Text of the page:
Indeed, for SMEs who are new to benchmarking, it is often advisable to start with high-level benchmarks and then to drill down into more detailed and specific measures when you become familiar with the benchmarking process. Our business health checks also provide an entry point by benchmarking all key areas of the business against comparable organisations and presenting the results in a balanced scorecard format.

SMEs shouldn’t miss out on the opportunities afforded by benchmarking. It’s a cost-effective way of prioritising what and how to improve in your business. And SMEs often generate proportionally greater benefits from benchmarking than large corporations do.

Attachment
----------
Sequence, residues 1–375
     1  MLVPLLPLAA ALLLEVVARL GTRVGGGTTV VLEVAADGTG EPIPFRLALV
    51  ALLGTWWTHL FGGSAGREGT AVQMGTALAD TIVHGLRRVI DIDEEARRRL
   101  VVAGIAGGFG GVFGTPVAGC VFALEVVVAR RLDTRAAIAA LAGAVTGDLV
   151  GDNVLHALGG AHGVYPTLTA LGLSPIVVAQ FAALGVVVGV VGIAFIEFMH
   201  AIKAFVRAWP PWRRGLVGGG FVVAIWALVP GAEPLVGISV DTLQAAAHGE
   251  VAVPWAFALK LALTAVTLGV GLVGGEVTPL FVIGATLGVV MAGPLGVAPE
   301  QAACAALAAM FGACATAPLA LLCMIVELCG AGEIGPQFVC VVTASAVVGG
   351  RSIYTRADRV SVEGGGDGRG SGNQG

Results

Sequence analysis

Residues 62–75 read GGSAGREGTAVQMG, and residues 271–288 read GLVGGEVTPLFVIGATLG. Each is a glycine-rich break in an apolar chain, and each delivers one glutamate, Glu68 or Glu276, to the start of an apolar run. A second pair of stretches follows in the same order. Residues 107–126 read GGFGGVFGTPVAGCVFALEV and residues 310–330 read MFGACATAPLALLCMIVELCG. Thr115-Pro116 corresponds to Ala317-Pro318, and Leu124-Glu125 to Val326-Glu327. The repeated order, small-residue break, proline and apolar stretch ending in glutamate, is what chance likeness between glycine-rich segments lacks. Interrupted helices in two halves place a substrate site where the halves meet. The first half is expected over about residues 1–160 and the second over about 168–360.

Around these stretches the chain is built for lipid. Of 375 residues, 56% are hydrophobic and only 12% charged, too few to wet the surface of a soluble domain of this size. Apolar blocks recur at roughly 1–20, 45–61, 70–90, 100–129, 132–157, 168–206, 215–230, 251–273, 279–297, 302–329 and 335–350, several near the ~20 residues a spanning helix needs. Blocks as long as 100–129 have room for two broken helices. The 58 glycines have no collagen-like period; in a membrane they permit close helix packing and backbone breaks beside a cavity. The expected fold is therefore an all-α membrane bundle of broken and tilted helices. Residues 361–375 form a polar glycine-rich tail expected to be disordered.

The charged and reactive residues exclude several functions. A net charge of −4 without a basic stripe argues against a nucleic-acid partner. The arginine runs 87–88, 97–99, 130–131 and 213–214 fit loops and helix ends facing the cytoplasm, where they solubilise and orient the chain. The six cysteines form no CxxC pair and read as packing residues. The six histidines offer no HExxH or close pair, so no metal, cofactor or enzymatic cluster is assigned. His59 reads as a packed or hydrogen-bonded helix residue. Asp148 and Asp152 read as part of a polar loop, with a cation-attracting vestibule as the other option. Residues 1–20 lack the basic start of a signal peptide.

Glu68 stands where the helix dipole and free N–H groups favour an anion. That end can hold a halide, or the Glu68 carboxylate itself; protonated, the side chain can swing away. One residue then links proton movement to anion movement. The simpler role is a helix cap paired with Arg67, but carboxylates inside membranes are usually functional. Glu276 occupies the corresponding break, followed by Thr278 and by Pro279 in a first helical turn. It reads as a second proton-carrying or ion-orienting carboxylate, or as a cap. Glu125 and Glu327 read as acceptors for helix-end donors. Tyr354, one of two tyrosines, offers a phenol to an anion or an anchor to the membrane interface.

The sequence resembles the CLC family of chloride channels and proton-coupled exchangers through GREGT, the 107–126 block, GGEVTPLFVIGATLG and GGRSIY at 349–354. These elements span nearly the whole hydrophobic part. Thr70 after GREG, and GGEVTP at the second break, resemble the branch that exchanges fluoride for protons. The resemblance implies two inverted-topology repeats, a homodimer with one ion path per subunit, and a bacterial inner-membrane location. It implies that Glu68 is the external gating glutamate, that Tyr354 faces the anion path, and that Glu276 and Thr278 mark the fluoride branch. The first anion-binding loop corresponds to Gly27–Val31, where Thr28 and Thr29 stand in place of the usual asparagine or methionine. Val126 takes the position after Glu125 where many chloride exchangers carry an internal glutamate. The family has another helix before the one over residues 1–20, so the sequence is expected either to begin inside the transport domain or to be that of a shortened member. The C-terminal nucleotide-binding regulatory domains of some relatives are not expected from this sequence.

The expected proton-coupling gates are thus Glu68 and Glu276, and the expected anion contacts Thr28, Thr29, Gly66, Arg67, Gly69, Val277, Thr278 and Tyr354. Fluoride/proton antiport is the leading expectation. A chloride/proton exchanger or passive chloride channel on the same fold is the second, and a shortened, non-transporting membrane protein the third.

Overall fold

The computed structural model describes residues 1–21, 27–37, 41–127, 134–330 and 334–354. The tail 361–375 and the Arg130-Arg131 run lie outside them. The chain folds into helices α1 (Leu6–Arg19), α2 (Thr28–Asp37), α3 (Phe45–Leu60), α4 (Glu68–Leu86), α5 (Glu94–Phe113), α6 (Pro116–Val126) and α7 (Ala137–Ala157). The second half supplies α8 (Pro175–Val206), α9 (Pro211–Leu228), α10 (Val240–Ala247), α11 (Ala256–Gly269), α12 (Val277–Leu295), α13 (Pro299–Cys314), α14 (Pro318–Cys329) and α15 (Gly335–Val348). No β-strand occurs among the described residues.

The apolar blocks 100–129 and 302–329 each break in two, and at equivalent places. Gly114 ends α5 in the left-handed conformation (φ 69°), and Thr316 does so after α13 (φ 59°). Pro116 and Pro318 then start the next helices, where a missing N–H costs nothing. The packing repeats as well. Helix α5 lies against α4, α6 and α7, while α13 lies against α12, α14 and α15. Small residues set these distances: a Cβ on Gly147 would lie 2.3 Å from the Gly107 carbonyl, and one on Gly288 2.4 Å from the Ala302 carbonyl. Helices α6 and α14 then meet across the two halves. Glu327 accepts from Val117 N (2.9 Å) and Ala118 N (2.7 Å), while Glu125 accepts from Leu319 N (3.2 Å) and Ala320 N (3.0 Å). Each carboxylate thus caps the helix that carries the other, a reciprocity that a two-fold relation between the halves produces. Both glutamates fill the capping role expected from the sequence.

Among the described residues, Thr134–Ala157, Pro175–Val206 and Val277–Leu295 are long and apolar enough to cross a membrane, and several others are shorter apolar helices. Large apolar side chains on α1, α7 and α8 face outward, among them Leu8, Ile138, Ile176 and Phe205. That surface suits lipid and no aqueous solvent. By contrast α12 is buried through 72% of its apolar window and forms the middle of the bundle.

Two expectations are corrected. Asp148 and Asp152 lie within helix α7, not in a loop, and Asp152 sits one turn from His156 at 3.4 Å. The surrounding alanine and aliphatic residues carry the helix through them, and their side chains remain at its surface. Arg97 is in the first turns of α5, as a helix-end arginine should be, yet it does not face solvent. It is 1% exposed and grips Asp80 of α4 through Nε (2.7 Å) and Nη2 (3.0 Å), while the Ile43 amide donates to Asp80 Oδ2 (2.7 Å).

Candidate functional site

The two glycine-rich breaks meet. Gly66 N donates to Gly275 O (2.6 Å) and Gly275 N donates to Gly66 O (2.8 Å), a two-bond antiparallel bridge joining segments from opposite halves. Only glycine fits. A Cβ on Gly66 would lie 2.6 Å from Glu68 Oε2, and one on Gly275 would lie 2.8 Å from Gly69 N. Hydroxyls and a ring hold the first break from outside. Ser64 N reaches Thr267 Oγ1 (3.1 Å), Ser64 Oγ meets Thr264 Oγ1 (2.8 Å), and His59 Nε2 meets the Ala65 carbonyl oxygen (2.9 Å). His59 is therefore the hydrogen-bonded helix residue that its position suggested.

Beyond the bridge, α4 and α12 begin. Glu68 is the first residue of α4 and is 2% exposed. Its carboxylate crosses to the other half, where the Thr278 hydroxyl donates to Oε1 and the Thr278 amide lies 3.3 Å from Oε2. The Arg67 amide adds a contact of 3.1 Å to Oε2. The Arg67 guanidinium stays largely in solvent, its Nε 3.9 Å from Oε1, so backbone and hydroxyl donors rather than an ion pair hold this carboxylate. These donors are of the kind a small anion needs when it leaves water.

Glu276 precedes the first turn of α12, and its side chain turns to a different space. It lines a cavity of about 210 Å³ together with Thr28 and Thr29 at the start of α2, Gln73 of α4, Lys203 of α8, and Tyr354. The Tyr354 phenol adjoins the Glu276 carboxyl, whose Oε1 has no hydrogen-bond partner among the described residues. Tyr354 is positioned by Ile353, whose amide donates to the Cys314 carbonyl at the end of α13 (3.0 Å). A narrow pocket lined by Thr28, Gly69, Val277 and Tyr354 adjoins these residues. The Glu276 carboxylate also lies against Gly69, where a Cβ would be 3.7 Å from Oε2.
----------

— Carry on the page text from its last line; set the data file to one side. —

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Company Pulse business health check

What are the key indicators of business health?

Category : Business Health

At Company Pulse, we are focused on improving business health. But what do we mean by “business health”? And how can you tell whether a business is healthy – what are the key signs to look out for?

We have taken to heart McKinsey’s work on business health, and they have offered the following description: “Healthy organizations don’t merely learn to adjust themselves to their current context or to challenges that lie just ahead; they create a capacity to learn and keep changing over time.”
(McKinsey Quarterly, June 2011).